Looking at the wonderful swirls of yellowy-golden and reddish-brown tones on this Nixing clay pot, there’s no wonder why the potter chose to leave its surface uncarved! Color changes occur in the kiln during firing, when minerals in the clay react to the heat of the fire. Such transformations that occur in the kiln are referred to (literally) as yaobian or ‘kiln change’ and are unpredictable. The placement of the piece in the kiln during firing, type of material used for burning, and temperature can all influence the outcome. It is worth noting that Yaobian is also the term used to describe the certain dramatic changes that glazed wares undergo as well. So it is a chemistry-of-pottery term, regardless of whether or not the pottery is glazed.
This Nixing teapot has been blessed by the kiln with a particularly lovely yaobian. A flash of rare yellow-gold rises from the pot’s base and licks like a flame up towards the spout. As you turn the pot to the other side, the unique yellow tones give way to the more familiar reddish-brown hues. When you hold the pot, you’ll notice the surface has a slightly sandy feel to it. Yet another unique feature!
Our Qinzhou Nixing Zhu Chu teapot is also well-made. It has a good pour and a nicely-fitting lid. The surface has a familiar, slightly sandy feel to it.
This teapot comes wrapped in a protective silk-fabric pouch with a drawstring closure, and packaged in a presentation box. The pouch is perfect for storing the pot between uses to ward off scratches and dust. All photos are of the actual pot that is for sale (we only have one, so act quickly!).
Qinzhou Nixing pottery is produced in Qinzhou city in China’s Guangxi province. It, along with Yixing Zisha, Jianshui and Rongchand make up China’s four famous types of pottery. Nixing is made from a mixture of mineral rich clays collected from the east and west banks of the Qinjiang river in Qinzhou. It is a smooth and dense clay, with good elasticity, which allows potters to shape the clay into a variety of shapes. These properties also make it a great clay to carve with detailed designs. Nixing pieces are formed on a potter’s wheel and kiln fired. Finished Nixing pieces can vary in color from bronze to reddish brown and even purple. All color differences are the result of the clay composition, kiln effects and finish polishing/burnishing.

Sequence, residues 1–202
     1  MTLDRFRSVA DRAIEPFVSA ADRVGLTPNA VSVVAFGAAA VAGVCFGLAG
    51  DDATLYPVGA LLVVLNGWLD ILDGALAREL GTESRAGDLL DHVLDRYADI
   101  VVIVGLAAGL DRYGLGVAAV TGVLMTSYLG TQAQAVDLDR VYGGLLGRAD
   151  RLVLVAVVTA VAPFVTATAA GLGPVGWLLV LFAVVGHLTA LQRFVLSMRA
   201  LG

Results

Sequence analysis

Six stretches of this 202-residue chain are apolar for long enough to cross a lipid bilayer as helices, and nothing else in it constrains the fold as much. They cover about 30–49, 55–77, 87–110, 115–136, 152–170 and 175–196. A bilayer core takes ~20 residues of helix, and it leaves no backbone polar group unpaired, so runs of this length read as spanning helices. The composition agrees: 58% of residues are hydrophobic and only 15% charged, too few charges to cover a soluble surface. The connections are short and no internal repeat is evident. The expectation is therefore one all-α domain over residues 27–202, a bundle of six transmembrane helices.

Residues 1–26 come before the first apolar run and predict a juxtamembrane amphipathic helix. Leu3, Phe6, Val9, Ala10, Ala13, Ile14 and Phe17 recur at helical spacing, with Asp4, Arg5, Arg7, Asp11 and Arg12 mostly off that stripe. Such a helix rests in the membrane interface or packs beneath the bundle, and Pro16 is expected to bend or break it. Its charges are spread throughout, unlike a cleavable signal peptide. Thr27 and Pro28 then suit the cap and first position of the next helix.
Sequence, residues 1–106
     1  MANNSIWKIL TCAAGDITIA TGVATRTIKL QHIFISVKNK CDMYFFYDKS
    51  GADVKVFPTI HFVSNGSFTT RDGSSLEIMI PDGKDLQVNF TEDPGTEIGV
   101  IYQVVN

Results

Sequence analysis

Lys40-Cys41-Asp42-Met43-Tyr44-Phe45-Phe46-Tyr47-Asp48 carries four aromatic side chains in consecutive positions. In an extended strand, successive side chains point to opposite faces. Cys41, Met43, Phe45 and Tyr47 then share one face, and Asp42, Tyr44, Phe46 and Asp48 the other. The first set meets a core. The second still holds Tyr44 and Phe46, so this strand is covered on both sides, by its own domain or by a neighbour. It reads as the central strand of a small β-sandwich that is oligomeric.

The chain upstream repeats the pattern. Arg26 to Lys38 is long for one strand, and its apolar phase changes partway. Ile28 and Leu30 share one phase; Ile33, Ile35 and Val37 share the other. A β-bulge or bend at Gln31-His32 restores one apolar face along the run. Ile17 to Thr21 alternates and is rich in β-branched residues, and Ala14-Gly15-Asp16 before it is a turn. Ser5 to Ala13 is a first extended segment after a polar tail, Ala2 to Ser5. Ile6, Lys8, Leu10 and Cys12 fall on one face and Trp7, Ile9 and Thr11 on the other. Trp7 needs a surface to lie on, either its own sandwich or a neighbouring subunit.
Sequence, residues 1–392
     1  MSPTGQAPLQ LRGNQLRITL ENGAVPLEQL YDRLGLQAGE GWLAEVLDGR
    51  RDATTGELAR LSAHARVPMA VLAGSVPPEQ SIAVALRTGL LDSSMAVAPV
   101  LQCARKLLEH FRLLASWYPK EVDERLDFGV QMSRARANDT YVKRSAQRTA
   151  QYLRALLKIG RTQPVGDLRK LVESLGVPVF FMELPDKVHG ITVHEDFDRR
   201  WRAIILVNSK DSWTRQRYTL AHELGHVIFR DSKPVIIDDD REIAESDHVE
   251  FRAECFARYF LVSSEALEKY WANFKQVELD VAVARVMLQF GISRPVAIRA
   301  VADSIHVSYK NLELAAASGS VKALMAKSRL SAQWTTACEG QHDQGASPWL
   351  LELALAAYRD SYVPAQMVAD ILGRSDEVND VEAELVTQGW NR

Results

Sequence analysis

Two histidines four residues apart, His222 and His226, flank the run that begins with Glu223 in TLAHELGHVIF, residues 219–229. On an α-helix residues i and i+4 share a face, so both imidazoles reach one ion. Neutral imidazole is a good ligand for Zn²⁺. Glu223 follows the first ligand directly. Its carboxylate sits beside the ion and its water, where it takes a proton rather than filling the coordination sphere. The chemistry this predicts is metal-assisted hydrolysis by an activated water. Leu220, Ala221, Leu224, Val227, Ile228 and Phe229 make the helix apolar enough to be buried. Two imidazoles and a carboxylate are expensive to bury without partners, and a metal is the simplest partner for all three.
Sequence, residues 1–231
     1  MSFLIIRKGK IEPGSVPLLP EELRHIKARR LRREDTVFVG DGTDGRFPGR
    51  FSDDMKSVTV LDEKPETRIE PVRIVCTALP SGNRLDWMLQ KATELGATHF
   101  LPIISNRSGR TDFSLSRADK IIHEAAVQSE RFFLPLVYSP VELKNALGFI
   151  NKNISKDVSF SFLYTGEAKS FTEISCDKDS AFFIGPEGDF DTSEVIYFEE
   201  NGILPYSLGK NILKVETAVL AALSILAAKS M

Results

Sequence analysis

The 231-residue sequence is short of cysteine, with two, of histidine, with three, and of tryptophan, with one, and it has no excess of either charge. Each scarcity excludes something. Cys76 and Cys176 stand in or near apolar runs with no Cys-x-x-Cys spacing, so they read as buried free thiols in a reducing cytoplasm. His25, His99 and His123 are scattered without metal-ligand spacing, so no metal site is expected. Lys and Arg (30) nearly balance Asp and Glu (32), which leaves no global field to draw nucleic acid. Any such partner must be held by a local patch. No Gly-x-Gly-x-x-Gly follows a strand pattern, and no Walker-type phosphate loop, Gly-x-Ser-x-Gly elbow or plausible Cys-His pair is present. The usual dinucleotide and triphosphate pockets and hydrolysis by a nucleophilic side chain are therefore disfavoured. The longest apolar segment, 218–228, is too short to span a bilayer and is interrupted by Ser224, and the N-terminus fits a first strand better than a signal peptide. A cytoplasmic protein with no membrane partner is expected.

Qinzhou Nixing teapots are well-suited for steeping Pu-erh and other hei cha, black tea, and oolong teas. Since they do not retain heat as long as Yixing pots, they can also be used to steep a few of the more robust green teas as well. A Nixing teapot that is intended for use with green tea or a light oolong should probably not be used for other types of tea, as the retention of flavor from those teas will overpower the green tea’s fresh, light flavor.
Like Yixing teapots, Nixing clay teapots are porous and we recommend that they be cared for in a similar manner. Follow the steps 1-6 only, found in How to ‘Raise’ an Yixing Teapot, for instructions.
This is a handmade item – slight variations in the painting, colors, tooling, patterning and kiln effects of Chinese and Japanese tea wares are to be expected. We have carefully photographed this item as best as possible – please be aware that different device screens can render colors and subtle tones slightly differently.
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